Appears in

Oxford Companion to Food

Oxford Companion to Food

By Alan Davidson

Published 2014

  • About

dripping (drippings in USA), the fat that drips from joints of meat, especially beef, when they are roasted. Stobart (1980), harking back to the days ‘when meat really had fat on it’, says:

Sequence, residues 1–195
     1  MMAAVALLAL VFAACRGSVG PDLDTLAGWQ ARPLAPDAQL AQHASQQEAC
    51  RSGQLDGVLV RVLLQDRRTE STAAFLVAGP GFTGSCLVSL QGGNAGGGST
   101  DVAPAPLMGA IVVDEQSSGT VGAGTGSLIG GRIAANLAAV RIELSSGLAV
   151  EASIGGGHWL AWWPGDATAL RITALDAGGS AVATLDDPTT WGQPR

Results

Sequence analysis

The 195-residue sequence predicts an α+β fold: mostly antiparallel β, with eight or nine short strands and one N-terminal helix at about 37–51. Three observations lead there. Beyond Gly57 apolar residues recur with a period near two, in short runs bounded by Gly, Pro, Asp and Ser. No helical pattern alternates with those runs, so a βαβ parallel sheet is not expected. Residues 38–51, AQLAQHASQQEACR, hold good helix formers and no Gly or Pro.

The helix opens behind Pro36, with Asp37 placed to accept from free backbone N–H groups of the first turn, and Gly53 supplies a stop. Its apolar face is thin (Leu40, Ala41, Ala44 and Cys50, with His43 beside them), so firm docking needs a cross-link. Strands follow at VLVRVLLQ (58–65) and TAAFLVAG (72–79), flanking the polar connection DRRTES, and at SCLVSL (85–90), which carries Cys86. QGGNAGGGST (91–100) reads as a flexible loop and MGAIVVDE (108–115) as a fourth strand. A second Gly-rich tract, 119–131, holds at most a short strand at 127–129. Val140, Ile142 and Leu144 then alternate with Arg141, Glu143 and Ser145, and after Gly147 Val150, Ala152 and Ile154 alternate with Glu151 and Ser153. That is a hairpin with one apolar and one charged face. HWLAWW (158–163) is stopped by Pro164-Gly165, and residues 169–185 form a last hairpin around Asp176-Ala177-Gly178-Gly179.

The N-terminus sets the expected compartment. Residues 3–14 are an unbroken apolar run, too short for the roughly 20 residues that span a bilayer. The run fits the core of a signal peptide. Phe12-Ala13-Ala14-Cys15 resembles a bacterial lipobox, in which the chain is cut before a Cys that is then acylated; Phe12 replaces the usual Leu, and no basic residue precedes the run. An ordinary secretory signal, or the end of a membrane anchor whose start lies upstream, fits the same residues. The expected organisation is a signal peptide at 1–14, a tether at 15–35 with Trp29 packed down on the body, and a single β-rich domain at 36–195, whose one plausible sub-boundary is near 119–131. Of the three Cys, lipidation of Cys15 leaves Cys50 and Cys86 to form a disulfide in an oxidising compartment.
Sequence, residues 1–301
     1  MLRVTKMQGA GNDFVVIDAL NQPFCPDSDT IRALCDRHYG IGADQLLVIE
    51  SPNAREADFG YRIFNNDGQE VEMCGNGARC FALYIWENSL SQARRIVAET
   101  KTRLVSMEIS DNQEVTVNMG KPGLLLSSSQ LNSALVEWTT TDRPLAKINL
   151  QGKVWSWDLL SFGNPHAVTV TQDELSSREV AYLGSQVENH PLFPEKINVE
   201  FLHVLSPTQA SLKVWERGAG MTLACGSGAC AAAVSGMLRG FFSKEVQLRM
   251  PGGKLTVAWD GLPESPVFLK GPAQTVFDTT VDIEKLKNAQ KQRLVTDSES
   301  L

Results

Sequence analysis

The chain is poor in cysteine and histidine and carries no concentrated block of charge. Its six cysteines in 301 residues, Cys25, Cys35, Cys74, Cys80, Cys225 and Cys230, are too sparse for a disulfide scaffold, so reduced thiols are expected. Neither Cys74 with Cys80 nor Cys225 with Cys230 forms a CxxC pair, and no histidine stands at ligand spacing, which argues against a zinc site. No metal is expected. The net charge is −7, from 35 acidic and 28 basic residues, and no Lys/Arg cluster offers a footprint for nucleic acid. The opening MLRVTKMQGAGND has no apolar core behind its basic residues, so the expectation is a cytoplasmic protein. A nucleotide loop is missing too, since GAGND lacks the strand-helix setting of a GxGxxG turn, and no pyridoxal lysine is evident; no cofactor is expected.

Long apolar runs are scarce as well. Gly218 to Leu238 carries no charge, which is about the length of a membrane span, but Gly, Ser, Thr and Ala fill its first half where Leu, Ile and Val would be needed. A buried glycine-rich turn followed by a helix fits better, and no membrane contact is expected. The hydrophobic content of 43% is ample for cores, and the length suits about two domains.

When cold and solidified, some brown meat jelly was usually trapped and preserved under the fat. When the fat (especially of beef dripping) was mixed with the jelly, salted, and spread on toast, it used to be a standard—and delicious—appetite stopper for farm workers and children at tea time on raw evenings in winter or after skating. Dripping was also commonly clarified and used as a cooking fat. In that case, the distinction between dripping and rendered fat is mainly one of usage. Chicken fat, so much a part of Jewish cooking, is not called ‘chicken dripping’.